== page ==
|Ryan Riess Wins
2013 WSOP Main Event Championship
The 2013 World Series of Poker Main Event has come
to an end. Emerging victorious and winning the massive $8,361,570 first-place
prize was 23-year-old youngster Ryan Riess after he defeated Jay Farber heads
up for the most coveted prize in all of poker. For his runner-up result, Farber
took home a proud $5,174,357.
Back in July, 6,352 hopefuls took their
seats in the 2013 WSOP Main Event, all vying for the richest prize in poker
history. Among them were champions from the past, poker legends, dream chasers,
and grinders from all over. It was then that Riess was just another young face
in the field, but things would all change slowly over the course of the next
seven grueling days of poker. Following Day 7, Riess was one of the famed
November Nine, taking the fifth-largest stack into November. Eight more
eliminations later and Riess was the last man standing.
Entering the final table, all eyes were on chip
leader JC Tran. He came into the final table with a large gap separating him
and second place, but Tran's run ended in fifth place.
began Tuesday evening and lasted more than three hours and 91 hands.
When heads-up play began, Farber had the chip lead by roughly 20
million over Riess. Quickly, though, Riess powered his way to the front with
expert play and timely maneuvers. Every big pot seemed to be pushed the way of
Riess, although there was one double up for Farber that extended play a bit. At
one point during heads-up play, the two players were within a single 25,000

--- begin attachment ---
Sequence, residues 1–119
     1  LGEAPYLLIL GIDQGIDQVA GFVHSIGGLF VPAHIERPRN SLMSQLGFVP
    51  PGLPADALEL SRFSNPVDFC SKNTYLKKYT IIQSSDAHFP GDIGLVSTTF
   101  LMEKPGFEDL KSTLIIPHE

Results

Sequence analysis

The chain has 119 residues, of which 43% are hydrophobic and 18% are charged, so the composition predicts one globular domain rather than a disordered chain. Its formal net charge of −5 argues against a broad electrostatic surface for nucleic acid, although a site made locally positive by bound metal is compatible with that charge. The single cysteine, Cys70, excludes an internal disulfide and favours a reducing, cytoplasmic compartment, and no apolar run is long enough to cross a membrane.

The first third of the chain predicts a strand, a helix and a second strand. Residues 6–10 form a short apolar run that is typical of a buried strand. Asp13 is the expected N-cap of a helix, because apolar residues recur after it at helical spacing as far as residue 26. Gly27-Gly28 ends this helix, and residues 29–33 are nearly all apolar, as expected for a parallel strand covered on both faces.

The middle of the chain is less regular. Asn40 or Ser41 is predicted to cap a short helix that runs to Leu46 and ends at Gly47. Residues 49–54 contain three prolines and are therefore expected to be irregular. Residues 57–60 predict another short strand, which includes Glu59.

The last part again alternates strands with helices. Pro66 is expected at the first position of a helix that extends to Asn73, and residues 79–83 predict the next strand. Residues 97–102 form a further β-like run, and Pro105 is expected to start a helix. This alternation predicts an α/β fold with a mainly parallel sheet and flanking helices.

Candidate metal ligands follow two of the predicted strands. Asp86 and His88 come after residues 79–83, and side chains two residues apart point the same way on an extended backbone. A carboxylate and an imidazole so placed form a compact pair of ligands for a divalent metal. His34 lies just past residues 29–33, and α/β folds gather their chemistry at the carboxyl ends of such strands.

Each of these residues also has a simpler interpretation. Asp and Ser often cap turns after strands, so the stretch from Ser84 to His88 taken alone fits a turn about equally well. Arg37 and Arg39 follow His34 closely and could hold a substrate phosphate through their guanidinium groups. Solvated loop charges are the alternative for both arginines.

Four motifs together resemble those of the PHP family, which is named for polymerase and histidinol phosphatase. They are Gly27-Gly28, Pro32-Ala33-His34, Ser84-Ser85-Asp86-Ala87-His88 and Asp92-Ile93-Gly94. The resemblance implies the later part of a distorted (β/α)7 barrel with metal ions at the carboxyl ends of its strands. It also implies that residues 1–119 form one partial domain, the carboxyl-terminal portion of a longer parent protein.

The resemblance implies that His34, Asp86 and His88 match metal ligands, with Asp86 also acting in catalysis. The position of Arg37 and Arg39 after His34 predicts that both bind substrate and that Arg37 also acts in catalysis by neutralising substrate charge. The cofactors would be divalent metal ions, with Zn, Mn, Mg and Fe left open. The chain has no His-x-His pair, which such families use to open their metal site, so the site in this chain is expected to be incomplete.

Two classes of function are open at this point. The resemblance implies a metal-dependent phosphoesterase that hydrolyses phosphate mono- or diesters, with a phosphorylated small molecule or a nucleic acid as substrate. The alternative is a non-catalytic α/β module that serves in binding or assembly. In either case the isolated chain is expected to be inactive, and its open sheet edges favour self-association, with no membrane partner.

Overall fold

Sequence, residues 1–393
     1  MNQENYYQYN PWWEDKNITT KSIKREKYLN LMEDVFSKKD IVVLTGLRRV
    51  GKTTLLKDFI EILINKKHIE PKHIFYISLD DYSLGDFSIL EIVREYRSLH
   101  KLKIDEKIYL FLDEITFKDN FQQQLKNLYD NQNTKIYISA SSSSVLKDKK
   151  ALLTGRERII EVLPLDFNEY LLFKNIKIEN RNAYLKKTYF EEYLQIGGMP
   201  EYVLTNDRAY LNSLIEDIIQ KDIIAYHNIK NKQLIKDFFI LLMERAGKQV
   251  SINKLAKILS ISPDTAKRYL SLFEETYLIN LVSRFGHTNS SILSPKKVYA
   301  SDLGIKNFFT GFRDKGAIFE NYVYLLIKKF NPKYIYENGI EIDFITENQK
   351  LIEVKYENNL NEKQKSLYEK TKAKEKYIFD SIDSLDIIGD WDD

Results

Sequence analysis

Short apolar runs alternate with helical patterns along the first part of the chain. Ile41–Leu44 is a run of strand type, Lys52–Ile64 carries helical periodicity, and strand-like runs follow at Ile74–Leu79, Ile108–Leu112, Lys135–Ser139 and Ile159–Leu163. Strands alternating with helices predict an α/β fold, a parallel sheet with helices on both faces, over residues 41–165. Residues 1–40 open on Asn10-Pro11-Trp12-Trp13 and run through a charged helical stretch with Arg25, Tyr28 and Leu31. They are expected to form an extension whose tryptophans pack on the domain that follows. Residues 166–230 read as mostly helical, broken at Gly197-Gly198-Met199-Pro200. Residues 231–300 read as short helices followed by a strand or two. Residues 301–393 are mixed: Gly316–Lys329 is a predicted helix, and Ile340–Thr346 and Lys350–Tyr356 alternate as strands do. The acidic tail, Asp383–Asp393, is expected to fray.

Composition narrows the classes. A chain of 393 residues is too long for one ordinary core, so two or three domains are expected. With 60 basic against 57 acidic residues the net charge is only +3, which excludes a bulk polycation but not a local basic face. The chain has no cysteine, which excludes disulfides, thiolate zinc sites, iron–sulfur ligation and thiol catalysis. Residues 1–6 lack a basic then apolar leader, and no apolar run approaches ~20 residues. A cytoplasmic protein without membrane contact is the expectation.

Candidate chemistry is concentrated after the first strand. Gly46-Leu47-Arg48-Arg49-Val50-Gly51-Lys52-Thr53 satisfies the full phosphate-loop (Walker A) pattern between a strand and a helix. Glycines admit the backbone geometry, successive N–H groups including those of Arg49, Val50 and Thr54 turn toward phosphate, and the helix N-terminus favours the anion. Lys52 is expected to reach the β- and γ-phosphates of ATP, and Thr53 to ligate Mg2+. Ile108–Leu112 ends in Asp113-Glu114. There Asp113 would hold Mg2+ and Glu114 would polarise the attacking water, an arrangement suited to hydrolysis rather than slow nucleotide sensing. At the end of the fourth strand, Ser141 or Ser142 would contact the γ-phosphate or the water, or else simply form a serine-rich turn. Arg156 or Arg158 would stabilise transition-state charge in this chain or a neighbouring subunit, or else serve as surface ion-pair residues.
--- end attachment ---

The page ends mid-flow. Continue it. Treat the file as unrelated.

chip of each other, despite about 192,000,000 in tournament chips in
On that double up, Farber
took his straight draw up against Riess' top pair in a clash on the flop.
Spiking the straight on the turn gave Farber some extra life, but Riess didn't
waver. He sat right back down and went back to work.
On the final hand,
Hand #261 of the final table, Farber was all in with the Q 5
against Riess' A Q. While Riess had a powerful hand in the confrontation,
Farber had two very live cards and a solid chance at doubling up once
Following the flop of J
10 4, Farber was looking for a five to stay alive. His queen would now
give Riess a Broadway straight, and that would've spelled the end. The turn was
the 3, leaving just one more card for Riess to dodge.
paired the board on the river, and the swarming began. Riess' rail stormed the
stage, engulfing the new champion and piling on top of him. Chants of "Riess
the beast!" rang loud throughout the Penn & Teller Theater, but Riess made
sure to fight his way out of the pack and congratulate Farber on a job well
Overcome with joy, Riess hugged his railbirds one by one,
grabbing his close family members a little tighter than the others, but
nonetheless showing emotion with each person individually. He came into the
final table believing he was the best player remaining, and he can now
rightfully call himself world champion.
Congratulations to Ryan Riess,
the champion of the 2013 World Series of Poker Main Event!
He went on to
say after the event, I was so excited waiting the 100 days to play. I'm
almost speechless. I'm just so happy that all my friends and family could come
out and watch me and support me. It's just such an amazing feeling. And
went on to say, I have been dreaming about this for a long time, ever
since I was 14, and saw (Chris) Moneymaker win. I just had a great feeling
about this. I know the table was tough. Some were saying this was one of the
toughest tables there was, but I was extremely fortunate to catch some cards at
the right moments. I just had a good feeling about it all.
are now 38 different players who have won the WSOP Main Event Championship. Of
this number, 28 past champions are still living. Of these, 19 played in the
2013 Main Event. Only a few pastchampions cashed this year. Carlos Mortensen
was by far the highest finisher (10th), followed by Doyle Brunson
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Holdem World Championship